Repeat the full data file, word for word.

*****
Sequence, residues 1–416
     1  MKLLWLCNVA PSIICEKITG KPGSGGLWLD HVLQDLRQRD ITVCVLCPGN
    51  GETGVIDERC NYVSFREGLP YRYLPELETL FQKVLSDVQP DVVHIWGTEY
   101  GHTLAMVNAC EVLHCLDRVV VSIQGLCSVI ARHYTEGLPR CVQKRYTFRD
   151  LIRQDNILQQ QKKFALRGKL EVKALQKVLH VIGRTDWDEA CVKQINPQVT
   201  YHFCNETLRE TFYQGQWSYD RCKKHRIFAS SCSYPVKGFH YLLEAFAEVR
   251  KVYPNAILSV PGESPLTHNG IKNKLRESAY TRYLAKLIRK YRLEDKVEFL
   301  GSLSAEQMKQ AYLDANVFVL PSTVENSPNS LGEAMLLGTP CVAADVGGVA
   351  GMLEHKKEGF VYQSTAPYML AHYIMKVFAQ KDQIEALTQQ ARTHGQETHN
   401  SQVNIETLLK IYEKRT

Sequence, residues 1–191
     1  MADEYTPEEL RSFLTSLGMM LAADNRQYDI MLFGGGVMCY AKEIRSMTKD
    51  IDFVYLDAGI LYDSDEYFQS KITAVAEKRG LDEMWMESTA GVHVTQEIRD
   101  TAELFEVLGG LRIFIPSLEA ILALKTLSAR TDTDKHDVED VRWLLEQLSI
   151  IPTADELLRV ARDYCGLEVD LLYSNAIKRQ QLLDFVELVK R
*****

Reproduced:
Sequence, residues 1–416
     1  MKLLWLCNVA PSIICEKITG KPGSGGLWLD HVLQDLRQRD ITVCVLCPGN
    51  GETGVIDERC NYVSFREGLP YRYLPELETL FQKVLSDVQP DVVHIWGTEY
   101  GHTLAMVNAC EVLHCLDRVV VSIQGLCSVI ARHYTEGLPR CVQKRYTFRD
   151  LIRQDNILQQ QKKFALRGKL EVKALQKVLH VIGRTDWDEA CVKQINPQVT
   201  YHFCNETLRE TFYQGQWSYD RCKKHRIFAS SCSYPVKGFH YLLEAFAEVR
   251  KVYPNAILSV PGESPLTHNG IKNKLRESAY TRYLAKLIRK YRLEDKVEFL
   301  GSLSAEQMKQ AYLDANVFVL PSTVENSPNS LGEAMLLGTP CVAADVGGVA
   351  GMLEHKKEGF VYQSTAPYML AHYIMKVFAQ KDQIEALTQQ ARTHGQETHN
   401  SQVNIETLLK IYEKRT

Sequence, residues 1–191
     1  MADEYTPEEL RSFLTSLGMM LAADNRQYDI MLFGGGVMCY AKEIRSMTKD
    51  IDFVYLDAGI LYDSDEYFQS KITAVAEKRG LDEMWMESTA GVHVTQEIRD
   101  TAELFEVLGG LRIFIPSLEA ILALKTLSAR TDTDKHDVED VRWLLEQLSI
   151  IPTADELLRV ARDYCGLEVD LLYSNAIKRQ QLLDFVELVK R